Presentation on theme: "By: Brian Oldakowski Shane DeStefano Jeff Schmidt & Dustin Schneider"— Presentation transcript:
1 By: Brian Oldakowski Shane DeStefano Jeff Schmidt & Dustin Schneider ToxicologyBy: Brian OldakowskiShane DeStefanoJeff Schmidt& Dustin Schneider
2 15.1 Toxicology BasicsDisease occurs when there is an imbalance resulting from a poor adjustment between an individual and the environment.Disease depends on:Physical environmentBiological environmentLifestyleIndustrial societies eliminated diseases but now there are more acute diseases.Environment around us can cause serious health problems and diseases. ( soil, rock, water, and air)
4 TerminologyPollution- occurrence of unwanted change in environment caused by introduction of harmful materials of production of harmful conditions (becoming impure, dirty, unclean)Contamination- presence of undesirable material that makes something uselessToxic- materials that are poisonous to people and other living thingsToxicology- a science that studies chemicals that are known to be or could be toxic or study of poisons that effects living organisms ( involves clinical, industrial, economic, and legal problems)
5 Terminology cont.Carcinogen- particular type of toxin that increases the risk of cancer. Most feared toxin in society.Synergism- interaction of different substances resulting in a total effect greater than the effect of separate substances togetherPoint sources- sources of pollution that are easily found and stationary. ( Smokestacks, pipes, accidental spills)Area sources- also called non-point sources, diffused sources of pollution such as urban runoff or automobile exhaust. Hard to stop since wide dispersion of emissions.Mobile sources- pollutants from place to place ( automobiles, trucks, buses, trains)
7 Measuring PollutionHow to measure pollutants or toxins is widely reportedDepends on the substancePesticides or small pollutants are measured by parts per million or billion (ppm, ppb)Water pollution is measured by milligrams per liter (mg/L) or micrograms per liter (µg/L)Air pollutants are measured by micrograms per cubic meter (µg/m^3)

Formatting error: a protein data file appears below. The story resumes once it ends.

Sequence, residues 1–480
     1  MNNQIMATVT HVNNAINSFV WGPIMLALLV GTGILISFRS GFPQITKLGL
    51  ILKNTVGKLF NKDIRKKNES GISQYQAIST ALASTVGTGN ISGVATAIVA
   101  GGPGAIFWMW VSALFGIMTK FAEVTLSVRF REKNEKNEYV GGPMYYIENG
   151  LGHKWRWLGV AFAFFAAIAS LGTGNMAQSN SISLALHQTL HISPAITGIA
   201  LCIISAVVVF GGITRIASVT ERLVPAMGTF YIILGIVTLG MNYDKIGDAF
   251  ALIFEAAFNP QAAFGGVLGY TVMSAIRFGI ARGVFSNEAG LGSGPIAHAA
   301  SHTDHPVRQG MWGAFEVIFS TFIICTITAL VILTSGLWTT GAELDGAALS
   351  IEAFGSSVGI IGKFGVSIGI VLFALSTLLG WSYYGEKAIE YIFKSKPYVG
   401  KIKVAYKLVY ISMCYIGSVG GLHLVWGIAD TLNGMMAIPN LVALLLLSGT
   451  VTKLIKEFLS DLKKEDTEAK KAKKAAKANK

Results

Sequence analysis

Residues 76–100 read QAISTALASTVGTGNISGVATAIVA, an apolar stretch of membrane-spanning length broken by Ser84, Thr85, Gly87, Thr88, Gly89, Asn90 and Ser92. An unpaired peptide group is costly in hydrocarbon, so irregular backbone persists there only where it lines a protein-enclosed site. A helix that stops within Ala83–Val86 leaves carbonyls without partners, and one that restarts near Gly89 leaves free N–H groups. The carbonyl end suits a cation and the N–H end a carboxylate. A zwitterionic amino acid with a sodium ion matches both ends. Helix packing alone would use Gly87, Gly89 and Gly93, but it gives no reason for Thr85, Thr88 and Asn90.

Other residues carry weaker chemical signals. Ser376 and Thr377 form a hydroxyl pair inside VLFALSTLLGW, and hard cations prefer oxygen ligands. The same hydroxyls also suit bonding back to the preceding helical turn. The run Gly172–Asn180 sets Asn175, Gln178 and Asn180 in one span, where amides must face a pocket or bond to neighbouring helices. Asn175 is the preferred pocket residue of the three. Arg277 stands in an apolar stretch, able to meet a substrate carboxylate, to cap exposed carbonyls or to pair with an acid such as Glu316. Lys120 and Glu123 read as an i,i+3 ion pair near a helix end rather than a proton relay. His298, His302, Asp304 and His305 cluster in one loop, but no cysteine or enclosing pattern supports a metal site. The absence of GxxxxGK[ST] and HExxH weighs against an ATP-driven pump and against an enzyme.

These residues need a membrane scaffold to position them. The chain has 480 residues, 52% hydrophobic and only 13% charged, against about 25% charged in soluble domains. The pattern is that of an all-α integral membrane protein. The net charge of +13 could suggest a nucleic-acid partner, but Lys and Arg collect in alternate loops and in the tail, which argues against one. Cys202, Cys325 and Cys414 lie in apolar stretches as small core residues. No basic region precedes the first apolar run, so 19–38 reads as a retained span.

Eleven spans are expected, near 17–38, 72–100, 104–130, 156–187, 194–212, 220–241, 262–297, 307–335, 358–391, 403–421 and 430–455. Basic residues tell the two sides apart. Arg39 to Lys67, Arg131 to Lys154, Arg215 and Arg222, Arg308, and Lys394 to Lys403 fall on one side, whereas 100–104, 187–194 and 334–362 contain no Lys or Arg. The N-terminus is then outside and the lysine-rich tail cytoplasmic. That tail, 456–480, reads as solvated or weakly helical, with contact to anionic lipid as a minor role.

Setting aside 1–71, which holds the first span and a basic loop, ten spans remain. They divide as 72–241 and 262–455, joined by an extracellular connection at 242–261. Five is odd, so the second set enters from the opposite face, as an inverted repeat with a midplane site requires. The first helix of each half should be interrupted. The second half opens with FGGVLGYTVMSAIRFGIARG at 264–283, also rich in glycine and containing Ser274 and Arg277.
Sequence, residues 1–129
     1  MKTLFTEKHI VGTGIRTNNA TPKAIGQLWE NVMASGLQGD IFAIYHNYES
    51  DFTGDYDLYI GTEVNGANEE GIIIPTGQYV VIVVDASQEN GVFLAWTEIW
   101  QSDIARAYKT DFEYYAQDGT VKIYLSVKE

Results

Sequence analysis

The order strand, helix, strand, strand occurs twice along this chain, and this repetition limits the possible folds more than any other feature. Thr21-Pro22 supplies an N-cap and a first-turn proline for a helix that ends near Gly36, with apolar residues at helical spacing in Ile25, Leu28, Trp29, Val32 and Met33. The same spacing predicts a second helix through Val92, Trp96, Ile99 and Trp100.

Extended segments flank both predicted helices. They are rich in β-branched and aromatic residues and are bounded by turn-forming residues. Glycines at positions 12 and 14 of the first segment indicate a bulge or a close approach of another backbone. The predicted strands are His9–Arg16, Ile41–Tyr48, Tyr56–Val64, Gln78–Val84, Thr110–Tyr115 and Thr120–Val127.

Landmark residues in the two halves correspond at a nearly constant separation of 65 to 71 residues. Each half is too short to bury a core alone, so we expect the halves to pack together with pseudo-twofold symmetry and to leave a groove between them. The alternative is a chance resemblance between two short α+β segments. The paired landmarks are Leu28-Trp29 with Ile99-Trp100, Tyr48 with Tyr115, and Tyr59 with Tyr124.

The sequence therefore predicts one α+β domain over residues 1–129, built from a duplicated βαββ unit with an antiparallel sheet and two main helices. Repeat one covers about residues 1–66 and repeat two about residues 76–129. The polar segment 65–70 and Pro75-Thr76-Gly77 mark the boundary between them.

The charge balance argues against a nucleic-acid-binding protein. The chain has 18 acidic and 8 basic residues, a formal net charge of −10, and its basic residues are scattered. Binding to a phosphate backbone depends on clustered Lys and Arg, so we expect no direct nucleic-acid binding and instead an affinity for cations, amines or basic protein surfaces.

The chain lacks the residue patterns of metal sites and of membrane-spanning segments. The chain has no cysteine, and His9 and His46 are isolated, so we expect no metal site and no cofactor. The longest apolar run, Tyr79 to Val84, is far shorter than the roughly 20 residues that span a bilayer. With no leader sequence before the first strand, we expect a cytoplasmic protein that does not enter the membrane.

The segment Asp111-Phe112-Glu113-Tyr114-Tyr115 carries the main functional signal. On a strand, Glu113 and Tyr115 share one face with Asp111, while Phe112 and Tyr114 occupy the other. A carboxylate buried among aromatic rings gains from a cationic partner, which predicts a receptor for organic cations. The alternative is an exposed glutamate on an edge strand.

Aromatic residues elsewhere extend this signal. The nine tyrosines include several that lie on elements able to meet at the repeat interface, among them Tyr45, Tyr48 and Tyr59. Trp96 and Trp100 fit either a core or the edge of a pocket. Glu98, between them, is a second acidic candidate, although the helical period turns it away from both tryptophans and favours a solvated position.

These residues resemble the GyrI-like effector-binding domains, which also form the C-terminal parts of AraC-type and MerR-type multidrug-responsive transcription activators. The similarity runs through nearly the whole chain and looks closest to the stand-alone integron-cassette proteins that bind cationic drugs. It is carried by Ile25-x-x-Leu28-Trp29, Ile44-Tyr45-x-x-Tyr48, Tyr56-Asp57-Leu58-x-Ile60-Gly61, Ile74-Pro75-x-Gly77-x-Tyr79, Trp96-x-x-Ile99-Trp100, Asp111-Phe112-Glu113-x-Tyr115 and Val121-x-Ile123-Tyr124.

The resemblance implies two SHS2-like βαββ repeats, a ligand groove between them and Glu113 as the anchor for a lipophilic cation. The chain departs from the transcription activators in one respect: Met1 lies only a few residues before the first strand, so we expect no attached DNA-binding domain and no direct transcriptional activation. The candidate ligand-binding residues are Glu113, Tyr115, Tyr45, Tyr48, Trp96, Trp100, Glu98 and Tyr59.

8 15.2 Infectious AgentsInfectious diseases may be spread from interactions between food, water, air, or soulEnvironmental health concerns- can be controlled by manipulating the environmentMost common environmentally transmitted infectious diseases- Legionellosis, Giardiasis, Salmonella, and Malaria
9 Toxic heavy MetalsMajor metals- mercury, lead, cadmium, nickel, gold, platinum, silver, bismuth, arsenic, etc.Body burden- the content of heavy metals in the bodyBiomagnification- the accumulation or increase in concentration of a substance in living tissue as it moves through a food web (Mercury)
11 Persistent Organic Pollutants (POPs) Properties of POPs:They have a carbon-based molecular structure, often containing highly reactive chlorineSynthetic chemicalsThey are not easily broken down in the environmentToxicFat soluble and accumulate in living tissueCan be transported by wind, water, and sediments
13 Other Pollutants Radiation Thermal Pollution- heat released into water produces undesirable effectsParticulates- small particles of dustAsbestos- several minerals that take the form of small, elongated particles, or fibersElectromagnetic fieldsNoise pollution
14 15.3 General Effects of Pollutants Almost every part of the body is affected by one pollutant of another.Most pollutants affect multiple parts of the body.Ex. Lead affects the brain and skin.
16 Dose ResponseThe effect of a certain chemical on an individual depends on the dose.Dose dependency is demonstrated by the dose response curve
17 Ecological Gradients Tolerance Acute, Chronic Effects Organisms can develop tolerance to certain pollutants.Behavioral, Physiological, and Genetic Tolerance.Acute, Chronic EffectsEx. Someone exposed to a large dose of radiation is killed shortly thereafter. Vs. Someone exposed to the same total dose of radiation over a very long period of time lives longer.
18 15.4 Risk AssessmentRisk assessment is the process of determining potential adverse environmental health affects to people exposed to pollutants and potentially toxic materials.
19 Steps of AssessmentIdentification of the hazard- This is the first step of risk assessment. Identification consists of testing materials to see if exposure to them is likely to cause environmental health problems. This can be done by examining previously exposed populations, testing on animals, or molecular analysis of the material.Dose-Response Assessment- This step is used to determined the relationship between the dose, or amount, of a chemical and its affect on the health of the recipient. Some studies are done by giving high doses of chemicals to animals. These results are not always accurate .
20 Steps Cont.Exposure Assessment- This test evaluates the intensity, duration, and frequency of human exposure to a particular chemical pollutant or toxin. Hazard is directly proportional to the total population exposed. This is hard to assess because doses can be as small as part as parts per million, billion or even trillion.Risk Characterization- This last step is used to delineate health risk in terms of the magnitude of the potential environmental health problem that might result from exposure to a specific material. To do this , the material needs to be identified, complete the dose-response step and exposure assessment. Then all of the uncertainties of these steps are considered to determine risk. Results are difficult to create and often controversial.